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Date: Tue, 29 Mar 2016 17:54:24 -0500
From: Linus Torvalds <>
To: Scott Bauer <>
Cc: Linux Kernel Mailing List <>, 
	"" <>, 
	"the arch/x86 maintainers" <>, Andi Kleen <>, 
	Andy Lutomirski <>, Ingo Molnar <>, 
	Thomas Gleixner <>,
Subject: Re: [PATCH v4 0/4] SROP Mitigation: Sigreturn Cookies

On Tue, Mar 29, 2016 at 2:53 PM, Scott Bauer <> wrote:
> These patches implement the necessary changes to generate a cookie
> which will be placed above signal frame upon signal delivery to userland.
> The cookie is generated using a per-process random value xor'd with
> the address where the cookie will be stored on the stack.

Side note: wouldn't it be better to make the cookie something that
doesn't make it trivial to figure out the random value in case you
already have access to a signal stack?

Maybe there could be a stronger variation of this that makes the
cookie be something like a single md5 round (not a full md5).
Something fast, and not necessarily secure, but something that needs
more than one single CPU instruction to figure out.

So you could do 4 32

 - the random value
 - the low 32 bits of the address of the cookie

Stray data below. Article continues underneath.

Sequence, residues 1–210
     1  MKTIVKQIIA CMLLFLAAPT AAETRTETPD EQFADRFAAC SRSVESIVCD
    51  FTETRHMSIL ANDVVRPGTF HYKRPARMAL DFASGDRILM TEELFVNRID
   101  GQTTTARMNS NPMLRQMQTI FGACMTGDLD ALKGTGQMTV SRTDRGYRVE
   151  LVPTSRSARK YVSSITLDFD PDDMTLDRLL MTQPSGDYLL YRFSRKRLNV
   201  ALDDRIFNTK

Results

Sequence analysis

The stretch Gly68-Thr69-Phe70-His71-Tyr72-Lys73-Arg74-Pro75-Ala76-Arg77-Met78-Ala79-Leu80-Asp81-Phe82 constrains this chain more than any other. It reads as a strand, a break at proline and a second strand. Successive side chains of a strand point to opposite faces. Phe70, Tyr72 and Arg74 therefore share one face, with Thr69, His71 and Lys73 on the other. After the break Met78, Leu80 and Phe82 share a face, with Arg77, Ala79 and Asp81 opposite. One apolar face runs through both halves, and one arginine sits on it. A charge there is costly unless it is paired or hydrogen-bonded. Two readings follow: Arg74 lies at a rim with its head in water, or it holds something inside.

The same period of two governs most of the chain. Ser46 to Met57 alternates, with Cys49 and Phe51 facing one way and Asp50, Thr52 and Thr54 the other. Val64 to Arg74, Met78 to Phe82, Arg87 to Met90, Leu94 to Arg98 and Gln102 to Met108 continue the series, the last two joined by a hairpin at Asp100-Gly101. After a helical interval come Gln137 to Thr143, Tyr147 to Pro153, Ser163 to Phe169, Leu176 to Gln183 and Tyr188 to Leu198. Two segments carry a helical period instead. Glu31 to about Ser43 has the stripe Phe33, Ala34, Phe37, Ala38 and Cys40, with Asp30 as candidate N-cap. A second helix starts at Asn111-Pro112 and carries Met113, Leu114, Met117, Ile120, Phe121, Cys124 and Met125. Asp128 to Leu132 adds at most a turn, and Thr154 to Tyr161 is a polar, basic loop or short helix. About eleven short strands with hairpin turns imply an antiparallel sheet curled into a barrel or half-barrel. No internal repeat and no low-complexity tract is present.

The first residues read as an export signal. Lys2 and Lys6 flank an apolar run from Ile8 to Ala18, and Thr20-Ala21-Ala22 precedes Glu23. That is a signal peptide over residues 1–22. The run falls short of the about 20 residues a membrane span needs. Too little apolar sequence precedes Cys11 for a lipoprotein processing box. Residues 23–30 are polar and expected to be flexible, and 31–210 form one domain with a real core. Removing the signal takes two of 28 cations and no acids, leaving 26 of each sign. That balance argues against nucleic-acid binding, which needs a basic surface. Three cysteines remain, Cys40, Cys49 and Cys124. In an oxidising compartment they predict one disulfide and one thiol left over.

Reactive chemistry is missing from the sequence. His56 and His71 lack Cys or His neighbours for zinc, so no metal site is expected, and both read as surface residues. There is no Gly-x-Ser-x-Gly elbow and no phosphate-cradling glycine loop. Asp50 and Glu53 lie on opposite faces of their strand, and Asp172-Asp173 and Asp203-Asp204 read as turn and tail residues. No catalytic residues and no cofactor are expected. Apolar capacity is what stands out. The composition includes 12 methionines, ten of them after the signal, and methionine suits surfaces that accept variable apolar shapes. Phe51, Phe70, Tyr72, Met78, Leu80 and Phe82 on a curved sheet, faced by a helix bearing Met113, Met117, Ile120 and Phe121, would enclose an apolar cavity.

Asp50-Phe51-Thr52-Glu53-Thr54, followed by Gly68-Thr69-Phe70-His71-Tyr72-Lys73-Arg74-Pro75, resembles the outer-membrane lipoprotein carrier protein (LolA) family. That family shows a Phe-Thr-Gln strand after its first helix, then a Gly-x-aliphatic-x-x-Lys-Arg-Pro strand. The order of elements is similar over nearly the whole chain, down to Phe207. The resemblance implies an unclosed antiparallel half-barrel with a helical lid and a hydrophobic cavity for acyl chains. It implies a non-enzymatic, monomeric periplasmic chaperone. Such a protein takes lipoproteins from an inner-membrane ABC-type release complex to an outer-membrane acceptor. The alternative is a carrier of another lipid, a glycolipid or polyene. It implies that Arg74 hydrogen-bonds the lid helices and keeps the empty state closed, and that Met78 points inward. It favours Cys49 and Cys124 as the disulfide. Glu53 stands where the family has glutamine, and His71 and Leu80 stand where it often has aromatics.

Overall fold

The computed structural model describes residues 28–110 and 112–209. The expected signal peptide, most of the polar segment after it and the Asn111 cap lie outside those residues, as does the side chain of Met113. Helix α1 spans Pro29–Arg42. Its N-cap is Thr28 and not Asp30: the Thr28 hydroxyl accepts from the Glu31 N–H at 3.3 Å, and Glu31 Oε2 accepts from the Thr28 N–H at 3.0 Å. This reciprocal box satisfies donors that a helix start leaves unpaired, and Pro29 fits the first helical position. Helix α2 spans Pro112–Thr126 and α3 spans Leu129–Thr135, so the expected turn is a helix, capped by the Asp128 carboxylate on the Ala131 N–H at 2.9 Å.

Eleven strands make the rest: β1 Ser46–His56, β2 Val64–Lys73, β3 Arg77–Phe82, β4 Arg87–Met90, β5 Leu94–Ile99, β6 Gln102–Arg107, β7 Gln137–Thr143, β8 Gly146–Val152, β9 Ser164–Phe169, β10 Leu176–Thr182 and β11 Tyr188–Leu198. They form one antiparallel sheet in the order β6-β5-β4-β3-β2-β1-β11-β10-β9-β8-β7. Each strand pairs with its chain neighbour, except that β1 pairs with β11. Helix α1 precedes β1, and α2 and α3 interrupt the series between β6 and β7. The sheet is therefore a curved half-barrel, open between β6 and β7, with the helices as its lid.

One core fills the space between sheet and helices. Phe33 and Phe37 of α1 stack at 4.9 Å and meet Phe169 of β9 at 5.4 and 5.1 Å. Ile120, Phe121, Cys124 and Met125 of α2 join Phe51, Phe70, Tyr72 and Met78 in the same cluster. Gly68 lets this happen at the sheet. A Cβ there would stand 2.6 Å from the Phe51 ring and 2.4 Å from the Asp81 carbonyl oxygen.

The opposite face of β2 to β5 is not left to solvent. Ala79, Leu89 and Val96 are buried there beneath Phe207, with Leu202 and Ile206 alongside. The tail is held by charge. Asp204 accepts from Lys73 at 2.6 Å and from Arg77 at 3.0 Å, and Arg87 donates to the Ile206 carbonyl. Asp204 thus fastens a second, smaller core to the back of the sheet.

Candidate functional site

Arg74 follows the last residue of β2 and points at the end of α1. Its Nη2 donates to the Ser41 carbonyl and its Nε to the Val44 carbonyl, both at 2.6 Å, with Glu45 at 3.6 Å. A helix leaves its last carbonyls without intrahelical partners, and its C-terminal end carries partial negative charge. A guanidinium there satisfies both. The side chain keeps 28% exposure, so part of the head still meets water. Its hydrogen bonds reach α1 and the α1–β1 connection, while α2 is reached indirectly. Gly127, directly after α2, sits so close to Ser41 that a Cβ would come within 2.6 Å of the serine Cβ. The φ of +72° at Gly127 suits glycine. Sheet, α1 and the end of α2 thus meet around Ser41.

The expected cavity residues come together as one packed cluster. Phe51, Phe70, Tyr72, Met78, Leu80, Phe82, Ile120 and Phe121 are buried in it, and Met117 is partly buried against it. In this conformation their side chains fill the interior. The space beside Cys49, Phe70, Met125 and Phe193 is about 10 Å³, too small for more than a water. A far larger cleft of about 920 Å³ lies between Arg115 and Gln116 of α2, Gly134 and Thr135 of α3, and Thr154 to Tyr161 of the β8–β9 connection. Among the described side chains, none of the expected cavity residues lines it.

- the low 32 bits of the return point stack and instruction pointer

Yes, yes, md5 is not cryptographically secure, and making it a single
iteration rather than the full four makes it even less so, but if the
attacker can generate long arbitrary code, then the whole SROP is
pointless to begin with, no?

In contrast, with the plain xor, the SROP would be a trivial operation
if you can just force it to happen within the context of a signal, so
that you can just re-use the signal return stack as-is. But mixing in
the returning IP and SP would make it *much* harder to use the
sigreturn as an attack vector.

I realize that this would likely need to be a separate and non-default
extra hardening mode, because there are *definitely* applications that
take signals and then update the return address (maybe single-stepping
over instructions etc). But for a *lot* of applications, signal return
implies changing no signal state at all, and mixing in the returning
IP and SP would seem to be a fundamentally stronger cookie.



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